Meatco ‘in ICU’

16 February 2021 | Agriculture



Meatco will face liquidation if the company does not reduce costs drastically in order to make it profitable again.

This is according to a report conducted by independent analyst Rainer Ritter at the end of last year as part of the public enterprises ministry’s investigations into the operations of state-owned enterprises.

Ritter said Meatco should not be given any additional funding from government to force them to make these unpopular decisions.

The main reason for the financial crisis at Meatco is the lack of good governance, he said.

“The average operational cash flow is around N$100 million, indicating that Meatco is in ICU,” Ritter said.

The company will slaughter about 34 000 cattle this year and the low throughput exacerbates their cash flow constraints, he added.

Millions lost

According to him, at the end of the 2019/2020 financial year, Meatco incurred an operating loss before tax of N$123 million, and the year before that, the loss was N$93 million, despite a turnaround strategy.

He further noted that in 2004, the total debt at Meatco was N$55.5 million, and in 2007, when Kobus du Plessis became CEO, total debt stood at N$71.1 million.

“Backward integration gained momentum and reached 14.9% of total procurement in 2009. In the same year, total debt reached N$210.1 million.”

Ritter said Vekuii Rukoro took over in 2013 and debt stood at N$389.9 million, and the “madness of backward integration” gained even more momentum.

He added that this financial bleeding had a result of a total debt of N$822.8 million in 2017/2018 and Meatco was forced into a retrenchment exercise when cash flow became negative and it was difficult to borrow money.

“By international standards, the management of Meatco is not effective,” he said.


Over the last two years, the international prices achieved have deteriorated, although the exchange rate development was in favour of Meatco, Ritter said.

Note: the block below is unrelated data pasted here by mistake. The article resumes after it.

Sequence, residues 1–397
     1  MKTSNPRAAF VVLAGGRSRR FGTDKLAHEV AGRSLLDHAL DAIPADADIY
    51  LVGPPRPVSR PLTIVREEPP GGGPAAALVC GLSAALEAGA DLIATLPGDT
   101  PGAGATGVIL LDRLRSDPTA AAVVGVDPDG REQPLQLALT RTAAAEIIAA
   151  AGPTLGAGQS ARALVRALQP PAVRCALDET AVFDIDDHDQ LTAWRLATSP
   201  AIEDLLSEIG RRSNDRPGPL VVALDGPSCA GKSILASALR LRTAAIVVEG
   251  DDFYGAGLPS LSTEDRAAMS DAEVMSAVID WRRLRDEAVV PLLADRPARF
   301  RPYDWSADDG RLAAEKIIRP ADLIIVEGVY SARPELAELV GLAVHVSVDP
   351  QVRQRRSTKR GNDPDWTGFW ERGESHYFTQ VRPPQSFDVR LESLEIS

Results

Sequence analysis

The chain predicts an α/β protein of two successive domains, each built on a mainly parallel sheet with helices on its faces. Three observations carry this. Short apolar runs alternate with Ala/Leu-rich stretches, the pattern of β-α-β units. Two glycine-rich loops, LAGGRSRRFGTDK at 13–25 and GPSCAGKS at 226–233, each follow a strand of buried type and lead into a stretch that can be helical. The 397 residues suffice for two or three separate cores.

The accumulated losses Meatco has incurred in the northern communal areas since inception is N$376 million.

“Meatco should have requested from the beginning that the losses should be subsidised by government,” he added.

Ritter also pointed out that board fees at Meatco increased from N$227 000 in 2009 to N$467 000 in 2010, an increase of 106%. Meanwhile in 2013, board fees increased from N$736 000 to more than N$1.26 million, or by 72%.

The analyst stressed that an export abattoir requires directors with experience in meat processing and international meat value chains, which is a pre-condition to ensure long-term viability and improve competitiveness.

“The CEOs should have also gained prior experience in the meat industry – an illusion since the appointment of Du Plessis in 2007.”

“In the last six years, Meatco had five CEOs and five financial managers. In the audit opinion of the 2019/20 annual report, it was expressed that there is a material uncertainty as a going concern,” Ritter said.


He recommended that a meat industry committee should be appointed to make the industry sustainable again.

He also stressed that the future shareholding of Meatco must be resolved to create trust between the producers and Meatco.

According to Ritter, the operations north of the Veterinary Cordon Fence should also be managed by a different organisation so that Meatco can be focused, competitive, profitable and export-driven.

Furthermore, he said the Meatco abattoir should go through a benchmarking exercise to establish shortcomings and that this must be done by consultants preferably from South Africa or Australia.

He added that the recommendations on a new pricing strategy for Meatco should be discussed at its next annual general meeting, set to take place on Friday, 19 February.

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